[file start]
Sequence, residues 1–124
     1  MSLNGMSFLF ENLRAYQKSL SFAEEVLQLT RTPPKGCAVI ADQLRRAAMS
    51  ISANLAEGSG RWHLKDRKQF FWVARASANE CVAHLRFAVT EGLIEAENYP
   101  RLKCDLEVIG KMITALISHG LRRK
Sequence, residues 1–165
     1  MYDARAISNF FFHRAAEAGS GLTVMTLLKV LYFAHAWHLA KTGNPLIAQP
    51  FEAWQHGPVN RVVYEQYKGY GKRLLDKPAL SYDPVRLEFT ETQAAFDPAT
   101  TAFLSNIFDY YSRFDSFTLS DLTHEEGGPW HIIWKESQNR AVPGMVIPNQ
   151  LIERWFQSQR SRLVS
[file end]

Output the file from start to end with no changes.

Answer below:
Sequence, residues 1–124
     1  MSLNGMSFLF ENLRAYQKSL SFAEEVLQLT RTPPKGCAVI ADQLRRAAMS
    51  ISANLAEGSG RWHLKDRKQF FWVARASANE CVAHLRFAVT EGLIEAENYP
   101  RLKCDLEVIG KMITALISHG LRRK
Sequence, residues 1–165
     1  MYDARAISNF FFHRAAEAGS GLTVMTLLKV LYFAHAWHLA KTGNPLIAQP
    51  FEAWQHGPVN RVVYEQYKGY GKRLLDKPAL SYDPVRLEFT ETQAAFDPAT
   101  TAFLSNIFDY YSRFDSFTLS DLTHEEGGPW HIIWKESQNR AVPGMVIPNQ
   151  LIERWFQSQR SRLVS